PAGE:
The radio courses proved to be so successful that when the television station WGBH went on the air in October 1951 they began broadcasting an Extension class every weekday at 3:30 and 7:30. The first course, offered by Robert G. Albion, was on European Imperialism on Monday and Thursday evenings. In the late 1960s, three of the televised courses were offered in the Deer Island Prison. Students who watched the courses on television could attend six "conferences" and take a mid-term and a final exam at Harvard in order to gain credit for the class. The television classes continued at least through the 1970s.
In 1960 the United States Navy approached Harvard about adapting the television courses that had been broadcast on WGBH for use on Polaris submarines. A two-year program, known as the Polaris University Extension Program, was developed with WGBH producing five to six courses a year in engineering, math, physics, foreign languages, and electives. Lab courses and in class instruction were provided to the submariners when the subs were in port. Those who finished the course received a certificate of completion.
Eventually the program spread to surface ships as well, being rechristened as the Program for Afloat College Education (PACE), and it "proved to be an effective and practical means of education for hundreds of Navy men." By 1963–64 there were 17 courses, with plans to have 32 within a few years, and 90 sailors enrolled. Just a year later, in 1964–65, there was 440 sailors taking courses, and in 66-67 there were 803 sailors enrolled.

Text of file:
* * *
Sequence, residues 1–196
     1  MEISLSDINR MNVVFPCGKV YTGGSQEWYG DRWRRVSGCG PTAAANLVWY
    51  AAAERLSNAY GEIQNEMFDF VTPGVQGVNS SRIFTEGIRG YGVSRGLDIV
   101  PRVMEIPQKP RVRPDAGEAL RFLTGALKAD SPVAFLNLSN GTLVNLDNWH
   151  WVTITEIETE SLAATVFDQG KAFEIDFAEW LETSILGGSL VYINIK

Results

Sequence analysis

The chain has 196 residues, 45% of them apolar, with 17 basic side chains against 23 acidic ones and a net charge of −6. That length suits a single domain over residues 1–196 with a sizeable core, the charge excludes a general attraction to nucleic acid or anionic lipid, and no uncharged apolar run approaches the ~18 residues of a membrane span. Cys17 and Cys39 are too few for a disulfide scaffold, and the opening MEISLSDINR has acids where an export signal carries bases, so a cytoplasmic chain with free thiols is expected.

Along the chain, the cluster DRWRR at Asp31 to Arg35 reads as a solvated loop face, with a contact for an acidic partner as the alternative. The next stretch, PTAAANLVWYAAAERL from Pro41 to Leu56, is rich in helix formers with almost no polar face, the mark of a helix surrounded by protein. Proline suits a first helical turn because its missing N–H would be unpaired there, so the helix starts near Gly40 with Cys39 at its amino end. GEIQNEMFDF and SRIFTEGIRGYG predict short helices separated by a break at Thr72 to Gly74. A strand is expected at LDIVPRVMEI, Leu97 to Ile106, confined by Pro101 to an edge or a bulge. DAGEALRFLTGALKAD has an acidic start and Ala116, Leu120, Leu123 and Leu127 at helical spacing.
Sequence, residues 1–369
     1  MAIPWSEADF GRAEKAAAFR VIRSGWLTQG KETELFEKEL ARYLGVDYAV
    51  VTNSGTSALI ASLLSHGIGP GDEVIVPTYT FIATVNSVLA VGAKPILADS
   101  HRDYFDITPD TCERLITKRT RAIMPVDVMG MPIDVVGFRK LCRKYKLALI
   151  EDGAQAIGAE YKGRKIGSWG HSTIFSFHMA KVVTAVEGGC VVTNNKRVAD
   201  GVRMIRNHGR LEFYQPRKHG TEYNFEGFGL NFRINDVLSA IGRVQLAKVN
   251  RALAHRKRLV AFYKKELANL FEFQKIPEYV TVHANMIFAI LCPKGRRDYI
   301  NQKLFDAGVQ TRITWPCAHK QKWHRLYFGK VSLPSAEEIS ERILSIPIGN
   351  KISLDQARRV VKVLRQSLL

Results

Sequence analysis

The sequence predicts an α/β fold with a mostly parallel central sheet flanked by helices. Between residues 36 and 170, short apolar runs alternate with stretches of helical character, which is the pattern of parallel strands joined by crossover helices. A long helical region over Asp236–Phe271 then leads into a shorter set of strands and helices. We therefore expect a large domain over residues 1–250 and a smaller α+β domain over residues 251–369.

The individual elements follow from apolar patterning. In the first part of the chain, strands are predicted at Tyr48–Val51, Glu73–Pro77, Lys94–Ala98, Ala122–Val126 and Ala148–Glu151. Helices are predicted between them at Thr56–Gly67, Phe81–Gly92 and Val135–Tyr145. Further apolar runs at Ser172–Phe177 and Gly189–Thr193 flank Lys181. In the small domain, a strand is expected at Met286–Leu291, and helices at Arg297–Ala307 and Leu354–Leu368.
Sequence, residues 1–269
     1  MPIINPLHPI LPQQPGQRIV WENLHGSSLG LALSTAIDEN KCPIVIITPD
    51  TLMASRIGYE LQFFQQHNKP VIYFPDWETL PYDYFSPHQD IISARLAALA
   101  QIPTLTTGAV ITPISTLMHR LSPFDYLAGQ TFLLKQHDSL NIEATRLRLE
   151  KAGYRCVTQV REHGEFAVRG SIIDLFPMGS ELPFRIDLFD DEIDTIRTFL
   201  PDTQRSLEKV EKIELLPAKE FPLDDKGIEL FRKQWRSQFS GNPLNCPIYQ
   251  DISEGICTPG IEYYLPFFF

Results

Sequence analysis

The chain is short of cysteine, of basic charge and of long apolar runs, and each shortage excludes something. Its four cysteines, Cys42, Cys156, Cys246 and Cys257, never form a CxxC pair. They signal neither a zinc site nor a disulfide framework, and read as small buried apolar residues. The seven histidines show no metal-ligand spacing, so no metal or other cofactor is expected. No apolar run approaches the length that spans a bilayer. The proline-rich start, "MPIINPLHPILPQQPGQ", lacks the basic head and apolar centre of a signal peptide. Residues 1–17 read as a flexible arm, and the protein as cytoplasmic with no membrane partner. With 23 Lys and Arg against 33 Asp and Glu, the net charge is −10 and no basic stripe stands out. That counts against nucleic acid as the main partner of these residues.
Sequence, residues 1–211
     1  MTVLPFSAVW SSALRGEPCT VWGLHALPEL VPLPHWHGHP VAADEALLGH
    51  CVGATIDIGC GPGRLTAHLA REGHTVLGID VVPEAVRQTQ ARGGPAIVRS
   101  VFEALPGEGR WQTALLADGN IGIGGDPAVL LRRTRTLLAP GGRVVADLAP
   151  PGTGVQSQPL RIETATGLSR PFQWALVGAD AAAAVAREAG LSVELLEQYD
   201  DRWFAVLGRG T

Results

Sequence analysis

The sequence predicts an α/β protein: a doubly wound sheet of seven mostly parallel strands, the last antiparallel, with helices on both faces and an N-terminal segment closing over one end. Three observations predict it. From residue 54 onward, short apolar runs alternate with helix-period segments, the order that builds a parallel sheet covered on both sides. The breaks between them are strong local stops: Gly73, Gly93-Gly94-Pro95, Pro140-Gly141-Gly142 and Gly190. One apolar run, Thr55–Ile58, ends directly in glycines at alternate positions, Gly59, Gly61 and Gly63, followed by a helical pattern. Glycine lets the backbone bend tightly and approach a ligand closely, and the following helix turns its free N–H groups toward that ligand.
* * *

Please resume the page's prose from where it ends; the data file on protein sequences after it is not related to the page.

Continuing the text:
By the time it ended in 1972–73, there were 5,903 registrations by Navy men in 40 classes. The Navy had anticipated huge enrollments, but the Vietnam War made it difficult for men to find the time to study. Additionally, the courses offered were weighted towards the sciences while classes in the humanities proved much more popular.
Occasionally, instruction was provided while the ships were at sea. During the 1967 "spring crisis in the Middle East," the Navy paid for five instructors to go to the Mediterranean to teach on the deck of the USS Little Rock (CL-92). In February 1968, five instructors were flown by the Navy to Antarctica to teach at McMurdo Base.
Late 20th century
By the 50th anniversary of the University Extension in 1960, more than 1,400 courses had been offered and there had been more than 85,000 enrollments. While the vast majority of classes were held on the Harvard campus, a few in the late 1960s were offered at MIT and BU, as well as at the Old South Meeting House. At this time non-credit courses cost between $15 and $25, and courses for credit cost between $20 and $35.
In the 1970s the University realized it had a problem retaining employees, so it began the Tuition Assistance Plan (TAP). In the first year 238 employees took advantage. By 1982 it was 834 students, with 37 degree candidates. The program effectively solved the retention problem. In 1978 a survey found that the majority of students had a family income of less than $15,000, which was less than the national average of $16,000.